Feathered Kangaroo

IMG_0125.JPG

This is a photo of a Feathered Kangaroo
water hopping on PEI, Canada.

Feathered Kangaroo!

A long time ago, still wrapped in the stifling chrysalis of academia, a friend of mine tried to flutter her immanent butterfly wings by making a joke at a very serious conference. She was delivering a paper on one of my favorite Spanish poets, in which she examined the sundry variants of a sonnet that the poet first wrote in 1603, then re-wrote in 1613, revised again in 1627-28, and revised a couple more times before its final revision in 1643, about two years before his death (1645).

At the end of her paper, she was caught off-balance when faced by an apparently serious question from the audience “Did the poet make any more revisions after 1645?” In an effort at humor, she replied, “Well, actually, no. But when they were carrying his body to the church for the funeral, he popped his head out of the coffin and proclaimed in a loud voice ‘Hell, no, I won’t go. I haven’t finished revising the poem yet.’”

This off-hand academic pseudo-joke was greeted with a babble of excited voices and an elderly fellow scholar clapped his hands, exclaimed “Wonderful!” and, in the ensuing silence, asked her what documentary evidence she had for this astonishing revelation, hitherto unknown to the academic world. If she was off-balance before, she was clearly reeling at this stage: a punch-drunk amateur academic swaying before the hypnotic fists of Dr. Muhamad Ali. She smiled sweetly, said she would produce the proper evidence at the appropriate time, and left the podium.

Later, sharing drinky-poos with some fellow scholars, I listened to her as she made excuses for her strange sense of humor and I smiled as explained the situation to them. They were not amused. “You, madam, are an acknowledged expert in your field,” one of them told her. “Your fellow academics trust you and believe you when you make such statements. You must be very careful about what you say.”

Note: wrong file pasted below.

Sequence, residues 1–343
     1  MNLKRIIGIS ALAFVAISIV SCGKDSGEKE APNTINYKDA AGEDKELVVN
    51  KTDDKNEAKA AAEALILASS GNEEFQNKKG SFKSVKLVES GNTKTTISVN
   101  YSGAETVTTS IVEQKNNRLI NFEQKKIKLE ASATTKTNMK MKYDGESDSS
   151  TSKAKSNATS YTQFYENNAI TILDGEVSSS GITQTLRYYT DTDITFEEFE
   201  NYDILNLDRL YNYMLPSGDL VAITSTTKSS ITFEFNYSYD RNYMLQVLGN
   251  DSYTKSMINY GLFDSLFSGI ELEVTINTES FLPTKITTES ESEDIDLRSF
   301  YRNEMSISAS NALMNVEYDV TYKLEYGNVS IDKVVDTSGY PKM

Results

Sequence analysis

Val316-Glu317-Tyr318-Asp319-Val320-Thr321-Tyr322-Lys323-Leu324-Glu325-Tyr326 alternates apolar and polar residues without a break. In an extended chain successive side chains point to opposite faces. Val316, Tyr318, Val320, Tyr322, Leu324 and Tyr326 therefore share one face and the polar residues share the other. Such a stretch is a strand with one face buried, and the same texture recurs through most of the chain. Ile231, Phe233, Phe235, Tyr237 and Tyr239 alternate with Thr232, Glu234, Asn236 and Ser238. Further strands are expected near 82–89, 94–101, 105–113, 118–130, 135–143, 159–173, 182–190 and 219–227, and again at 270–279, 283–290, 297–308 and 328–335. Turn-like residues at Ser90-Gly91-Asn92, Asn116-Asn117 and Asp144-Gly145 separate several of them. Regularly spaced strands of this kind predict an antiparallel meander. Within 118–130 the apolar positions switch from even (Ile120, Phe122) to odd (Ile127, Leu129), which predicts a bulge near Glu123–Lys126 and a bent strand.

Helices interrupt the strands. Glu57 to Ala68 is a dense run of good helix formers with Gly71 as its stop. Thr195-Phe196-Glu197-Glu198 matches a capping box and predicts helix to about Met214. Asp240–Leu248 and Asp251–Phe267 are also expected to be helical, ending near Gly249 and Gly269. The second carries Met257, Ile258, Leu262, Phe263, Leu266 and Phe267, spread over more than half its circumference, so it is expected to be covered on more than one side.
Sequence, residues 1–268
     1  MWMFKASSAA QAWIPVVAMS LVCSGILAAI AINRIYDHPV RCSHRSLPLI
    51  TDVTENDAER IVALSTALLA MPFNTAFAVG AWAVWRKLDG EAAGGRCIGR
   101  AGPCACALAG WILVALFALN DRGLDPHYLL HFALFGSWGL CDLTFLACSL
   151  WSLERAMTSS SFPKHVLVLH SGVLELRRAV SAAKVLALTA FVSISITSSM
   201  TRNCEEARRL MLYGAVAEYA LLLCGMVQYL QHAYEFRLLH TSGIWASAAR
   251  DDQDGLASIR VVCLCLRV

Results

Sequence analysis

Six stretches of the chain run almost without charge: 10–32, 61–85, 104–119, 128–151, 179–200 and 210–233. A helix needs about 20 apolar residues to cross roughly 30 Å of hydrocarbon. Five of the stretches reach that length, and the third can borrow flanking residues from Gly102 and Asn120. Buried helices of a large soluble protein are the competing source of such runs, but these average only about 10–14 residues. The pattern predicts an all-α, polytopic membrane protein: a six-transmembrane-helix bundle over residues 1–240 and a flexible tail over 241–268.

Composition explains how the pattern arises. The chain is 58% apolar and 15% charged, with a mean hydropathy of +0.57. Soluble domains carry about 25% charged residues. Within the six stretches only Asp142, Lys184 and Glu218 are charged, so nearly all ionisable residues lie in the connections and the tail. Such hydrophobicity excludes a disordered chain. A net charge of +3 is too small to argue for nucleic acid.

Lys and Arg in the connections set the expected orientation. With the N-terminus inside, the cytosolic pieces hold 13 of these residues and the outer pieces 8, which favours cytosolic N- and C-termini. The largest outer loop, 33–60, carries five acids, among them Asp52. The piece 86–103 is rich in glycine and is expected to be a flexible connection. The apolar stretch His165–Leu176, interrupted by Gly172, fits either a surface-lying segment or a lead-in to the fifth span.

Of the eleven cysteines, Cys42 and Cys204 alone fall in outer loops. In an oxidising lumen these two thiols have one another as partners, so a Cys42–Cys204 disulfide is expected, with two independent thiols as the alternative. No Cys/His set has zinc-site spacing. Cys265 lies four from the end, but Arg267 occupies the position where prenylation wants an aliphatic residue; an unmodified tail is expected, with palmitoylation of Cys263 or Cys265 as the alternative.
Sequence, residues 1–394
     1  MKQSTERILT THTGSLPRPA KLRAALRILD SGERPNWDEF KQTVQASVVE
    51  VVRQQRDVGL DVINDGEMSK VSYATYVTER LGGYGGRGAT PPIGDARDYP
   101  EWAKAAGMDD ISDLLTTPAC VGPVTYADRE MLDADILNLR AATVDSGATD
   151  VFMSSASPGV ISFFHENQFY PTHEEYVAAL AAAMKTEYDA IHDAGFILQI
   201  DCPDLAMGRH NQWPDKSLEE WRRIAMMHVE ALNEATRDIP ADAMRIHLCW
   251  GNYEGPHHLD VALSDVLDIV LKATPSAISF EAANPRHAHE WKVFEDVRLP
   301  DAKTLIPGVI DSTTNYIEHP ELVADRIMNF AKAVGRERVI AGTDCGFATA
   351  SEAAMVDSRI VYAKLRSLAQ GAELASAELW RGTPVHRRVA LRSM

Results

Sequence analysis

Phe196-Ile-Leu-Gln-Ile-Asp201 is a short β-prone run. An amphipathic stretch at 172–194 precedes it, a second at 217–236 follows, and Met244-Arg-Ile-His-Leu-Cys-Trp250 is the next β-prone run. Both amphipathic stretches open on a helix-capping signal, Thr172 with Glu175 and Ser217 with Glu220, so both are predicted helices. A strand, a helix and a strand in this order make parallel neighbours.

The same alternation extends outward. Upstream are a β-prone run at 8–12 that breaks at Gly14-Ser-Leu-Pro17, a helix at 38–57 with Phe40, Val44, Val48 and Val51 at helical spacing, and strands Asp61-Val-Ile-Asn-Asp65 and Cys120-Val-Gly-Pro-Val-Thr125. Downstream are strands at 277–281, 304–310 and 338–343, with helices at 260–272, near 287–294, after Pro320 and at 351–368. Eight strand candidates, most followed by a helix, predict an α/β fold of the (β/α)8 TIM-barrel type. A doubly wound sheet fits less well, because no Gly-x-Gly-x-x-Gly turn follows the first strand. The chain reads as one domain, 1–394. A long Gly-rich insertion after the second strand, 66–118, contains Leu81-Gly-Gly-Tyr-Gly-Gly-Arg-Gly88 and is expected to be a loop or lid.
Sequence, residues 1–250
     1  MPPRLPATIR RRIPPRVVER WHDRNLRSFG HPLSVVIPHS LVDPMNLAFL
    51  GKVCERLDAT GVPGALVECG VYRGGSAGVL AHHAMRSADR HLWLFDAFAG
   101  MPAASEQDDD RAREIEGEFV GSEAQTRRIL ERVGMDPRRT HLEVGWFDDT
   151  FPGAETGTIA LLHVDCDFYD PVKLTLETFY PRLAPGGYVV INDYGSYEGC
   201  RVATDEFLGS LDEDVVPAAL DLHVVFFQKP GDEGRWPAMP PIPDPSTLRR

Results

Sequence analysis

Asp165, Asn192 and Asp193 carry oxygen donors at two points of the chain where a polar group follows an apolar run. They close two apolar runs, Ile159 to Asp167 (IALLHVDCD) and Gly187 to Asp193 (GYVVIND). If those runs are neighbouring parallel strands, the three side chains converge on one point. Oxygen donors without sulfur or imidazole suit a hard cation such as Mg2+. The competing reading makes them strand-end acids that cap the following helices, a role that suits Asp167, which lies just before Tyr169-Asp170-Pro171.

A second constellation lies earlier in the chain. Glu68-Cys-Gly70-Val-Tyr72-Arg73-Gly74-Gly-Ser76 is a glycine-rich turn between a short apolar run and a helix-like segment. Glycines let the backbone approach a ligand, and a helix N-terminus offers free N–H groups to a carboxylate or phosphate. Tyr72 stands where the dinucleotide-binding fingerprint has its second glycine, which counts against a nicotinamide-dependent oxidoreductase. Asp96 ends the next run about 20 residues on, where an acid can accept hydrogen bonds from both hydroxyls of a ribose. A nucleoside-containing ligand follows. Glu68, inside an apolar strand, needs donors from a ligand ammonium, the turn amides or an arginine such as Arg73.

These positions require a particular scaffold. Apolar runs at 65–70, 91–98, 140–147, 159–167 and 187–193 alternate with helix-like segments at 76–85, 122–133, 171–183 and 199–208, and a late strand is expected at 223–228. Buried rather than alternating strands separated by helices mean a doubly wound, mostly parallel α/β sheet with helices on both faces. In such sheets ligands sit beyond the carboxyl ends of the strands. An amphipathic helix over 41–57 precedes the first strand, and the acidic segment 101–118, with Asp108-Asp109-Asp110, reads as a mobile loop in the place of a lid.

Feahered Kangaroo, indeed, water-hopping on PEI!

Now I must make an apology on my own behalf. Alas, if you read the blog item I posted recently, you might be puzzled by the Gazunda tree. I am forced to admit there is no such thing, to the best of my knowledge, as a Gazunda tree, not in the main square in Oaxaca, nor anywhere else in the world. Of course, when it rains people have been known to go under certain trees to use them as an umbrella and thus to take shelter from the rain, but this is the full extent of the origin of the name: the tourist or the golfer or the walker or whatever goes under (say it fast — Gazunda) the tree when it rains. There is nothing more to the Gazunda tree than that little joke.

And this brings us to a really serious series of questions: how do we know things are true? How do we establish the truth of a statement? Why do we believe some people and not others, some facts and not others? How do we choose between a series of alternate truths all of them presented as factual realities when, in actual fact, not all of them are true? This leads us on to the basic foundations on which our knowledge is built: how do we distinguish between scientifically established facts, and hearsay, and gossip if we are ignorant of basic scientific knowledge and principles?

To this we must add the triple increases that threaten us. These are (1) the increase in the availability of real scientific knowledge that bombards us every day with fresh facts and new information; (2) the increase in sources of information and the easy access to those sources; (3) the fact that many of these sources, far too many in my opinion, present us with a fictional or heavily biased version of a pseudo- or alternate truth. And yes, in light of telling the truth, the whole truth, and nothing but the truth, we are indeed entitled to question the existence and indeed the very meaning of these words: alternate truths.

These considerations seem modern and up to date, but of course they are not. They can be found in Miguel de Cervantes’s novel, Don Quixote (Part One, 1605, and Part Two 1615). They are present throughout the meta-theater created by playwrights like Pedro Calderón de la Barca (1600-1681), who set similar dilemmas of truth and fiction in, for example, his play La Vida es Sueño (Life is a Dream) as well as in the twelve plays he wrote based on Cervantes’s masterpiece. They are also present in the writings of some of the philosophers of the day. This is exemplified in the following passage that comes, I think, from René Descartes: